For the future of library education, watch today’s “topics” courses
I’m celebrating this week: after three years of teaching it, my Digital Curation course has at last graduated to the dignity of its very own course number! Welcome to the world, LIS 668!
When I first suggested the course to the formidable Louise Robbins, then director of SLIS at the University of Wisconsin-Madison, she immediately shot back, “Where are the jobs, Dorothea?” Louise always has had a pragmatic sense of mission! It wasn’t nearly as easy to find apropos job listings then as it is now, but I dug up a few, so Louise agreed to let me pilot the course in spring 2011 under one of SLIS’s generic “topics” numbers. Two more years of repetitions, an SLIS Curriculum Committee meeting, and a great deal of non-SLIS red tape later, the course is now an accepted, expected part of our curriculum.
This is not an unusual story, not at all. Scratch a library school—any library school—and you’ll find a curriculum committee and a whole lot of “topics” numbers under which new courses get their start in life. Most schools will tell you, correctly, that this system is imposed upon them from above; the red tape involved in changing so much as a course name in the larger institution’s course catalog is intimidating indeed. That’s not the whole story, though. There is method in this madness.
Think back to the year 2007, when Second Life hype was at its height. Hey, what a great time to put a course about virtual reality (VR) librarianship on the books, right?
Well, perhaps not. How silly would a library school with a VR librarianship course on the permanent books look now, with Second Life a moribund husk of its former self? To some extent, the red tape around curriculum change reins in faddishness, as well it should, selecting for courses with staying power. Topics courses change all the time—that’s what they’re for—so library schools that might have taken a flyer on a topics course in VR librarianship around 2008 could merely stop teaching it a year or two later, probably in response to lack of student demand.
Louise’s question to me was also a useful corrective, of course. With the ongoing diversification of the information professions, packing enough knowledge into two short years to graduate students with realistic job market hopes is already a tricky balancing act. We haven’t the luxury of adding permanent courses “just for fun,” much less on the off chance that jobs will materialize, or a given skill will turn up in job ads. Louise forced me to practice evidence-based curriculum change, and I’m grateful for it as I continue to think up and build new courses. This does mean that SLIS’s curriculum can’t lead the job market, but, on the whole, I prefer this compromise to wasting student time and money on crystal ball, job market predictions that don’t pan out.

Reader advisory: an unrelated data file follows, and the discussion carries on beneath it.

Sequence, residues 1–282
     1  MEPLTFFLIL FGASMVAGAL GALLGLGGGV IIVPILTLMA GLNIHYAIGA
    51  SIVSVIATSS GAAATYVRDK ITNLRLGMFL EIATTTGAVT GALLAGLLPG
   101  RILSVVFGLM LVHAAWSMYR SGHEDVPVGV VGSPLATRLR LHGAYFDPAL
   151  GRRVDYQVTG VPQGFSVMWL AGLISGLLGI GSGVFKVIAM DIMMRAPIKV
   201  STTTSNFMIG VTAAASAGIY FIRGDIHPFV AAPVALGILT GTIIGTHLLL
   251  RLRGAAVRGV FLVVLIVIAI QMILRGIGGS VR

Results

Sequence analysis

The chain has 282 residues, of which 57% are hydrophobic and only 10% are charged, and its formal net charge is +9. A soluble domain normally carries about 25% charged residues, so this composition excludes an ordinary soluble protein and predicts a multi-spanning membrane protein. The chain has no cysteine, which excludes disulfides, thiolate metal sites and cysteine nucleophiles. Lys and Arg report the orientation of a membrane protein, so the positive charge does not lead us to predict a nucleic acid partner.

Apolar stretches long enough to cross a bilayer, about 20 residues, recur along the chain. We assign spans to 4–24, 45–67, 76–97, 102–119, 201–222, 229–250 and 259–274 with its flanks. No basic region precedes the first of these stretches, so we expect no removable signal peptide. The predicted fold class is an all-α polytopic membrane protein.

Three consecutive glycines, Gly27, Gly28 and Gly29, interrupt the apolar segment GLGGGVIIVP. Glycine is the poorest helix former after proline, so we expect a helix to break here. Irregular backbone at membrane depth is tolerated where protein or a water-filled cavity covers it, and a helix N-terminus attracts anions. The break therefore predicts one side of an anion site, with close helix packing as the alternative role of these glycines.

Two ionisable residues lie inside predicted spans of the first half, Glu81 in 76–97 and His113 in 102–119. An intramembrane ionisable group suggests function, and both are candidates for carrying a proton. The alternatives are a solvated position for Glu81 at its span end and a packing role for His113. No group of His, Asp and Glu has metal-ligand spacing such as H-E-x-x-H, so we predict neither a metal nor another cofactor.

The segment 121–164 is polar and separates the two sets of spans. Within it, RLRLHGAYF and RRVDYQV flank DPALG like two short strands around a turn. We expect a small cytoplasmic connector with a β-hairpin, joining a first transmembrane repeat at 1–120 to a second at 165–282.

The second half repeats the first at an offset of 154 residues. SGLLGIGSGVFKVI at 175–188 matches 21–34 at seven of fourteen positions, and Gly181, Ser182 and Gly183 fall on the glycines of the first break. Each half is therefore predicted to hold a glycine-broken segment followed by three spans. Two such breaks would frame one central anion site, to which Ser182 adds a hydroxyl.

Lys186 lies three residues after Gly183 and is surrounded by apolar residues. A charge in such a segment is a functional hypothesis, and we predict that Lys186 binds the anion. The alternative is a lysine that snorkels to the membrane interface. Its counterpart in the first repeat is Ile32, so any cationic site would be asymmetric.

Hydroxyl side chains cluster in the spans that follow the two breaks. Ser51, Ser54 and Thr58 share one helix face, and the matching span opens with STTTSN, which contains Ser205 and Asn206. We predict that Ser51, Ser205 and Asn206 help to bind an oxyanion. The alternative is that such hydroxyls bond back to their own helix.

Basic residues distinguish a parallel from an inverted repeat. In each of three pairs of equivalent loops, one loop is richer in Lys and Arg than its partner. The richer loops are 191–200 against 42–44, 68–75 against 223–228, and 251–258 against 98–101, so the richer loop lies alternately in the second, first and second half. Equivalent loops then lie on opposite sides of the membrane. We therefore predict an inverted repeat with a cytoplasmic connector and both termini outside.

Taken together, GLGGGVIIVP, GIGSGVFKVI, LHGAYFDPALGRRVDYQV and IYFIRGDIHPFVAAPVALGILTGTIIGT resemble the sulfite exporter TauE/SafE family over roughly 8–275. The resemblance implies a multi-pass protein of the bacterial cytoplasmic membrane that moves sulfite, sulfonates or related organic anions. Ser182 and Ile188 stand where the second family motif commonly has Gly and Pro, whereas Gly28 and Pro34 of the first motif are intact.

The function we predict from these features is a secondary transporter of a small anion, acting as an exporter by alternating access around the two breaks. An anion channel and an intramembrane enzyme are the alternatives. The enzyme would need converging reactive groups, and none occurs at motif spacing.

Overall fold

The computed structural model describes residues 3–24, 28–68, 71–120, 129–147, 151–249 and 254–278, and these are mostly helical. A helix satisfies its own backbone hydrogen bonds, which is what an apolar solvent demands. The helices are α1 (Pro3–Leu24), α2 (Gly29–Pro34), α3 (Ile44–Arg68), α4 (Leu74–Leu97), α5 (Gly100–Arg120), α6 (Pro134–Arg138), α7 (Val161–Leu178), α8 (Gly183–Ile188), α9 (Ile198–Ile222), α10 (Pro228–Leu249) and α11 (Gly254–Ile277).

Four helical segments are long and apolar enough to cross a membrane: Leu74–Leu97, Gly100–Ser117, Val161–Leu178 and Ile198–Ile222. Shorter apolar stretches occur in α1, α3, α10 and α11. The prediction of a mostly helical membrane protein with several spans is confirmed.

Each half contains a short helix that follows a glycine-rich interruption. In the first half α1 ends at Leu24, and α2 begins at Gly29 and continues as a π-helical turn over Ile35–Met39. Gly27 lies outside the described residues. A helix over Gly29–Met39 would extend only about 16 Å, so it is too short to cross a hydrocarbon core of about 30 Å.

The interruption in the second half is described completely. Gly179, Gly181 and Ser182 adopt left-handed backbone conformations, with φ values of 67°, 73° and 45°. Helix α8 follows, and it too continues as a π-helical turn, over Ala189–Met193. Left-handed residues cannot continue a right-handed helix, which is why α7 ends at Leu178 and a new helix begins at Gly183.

Pragmatic logistics issues play into curriculum decisions, as they must. Digital Curation wouldn’t have gone up for its own number if I hadn’t joined SLIS permanently in 2011; it’s risky and difficult to have a permanent course on the books that’s mostly or always taught by adjuncts. (Not that it doesn’t happen, especially in schools with small faculties! It’s not even a bad thing—practitioners often make wonderful instructors, as their real-world experience informs their teaching—but it’s still logistically taxing.) Enrollment and budget constraints also govern what courses are on offer. The best course in the world can’t sustainably be offered if only three students ever sign up for it, though cooperative efforts like the WISE Consortium do help to aggregate scattered demand. Core courses aside, curricula also bend to take advantage of the existing interests, often research interests, of permanent faculty and staff. Insofar as different LIS schools specialize, this is how and why: playing to local strengths.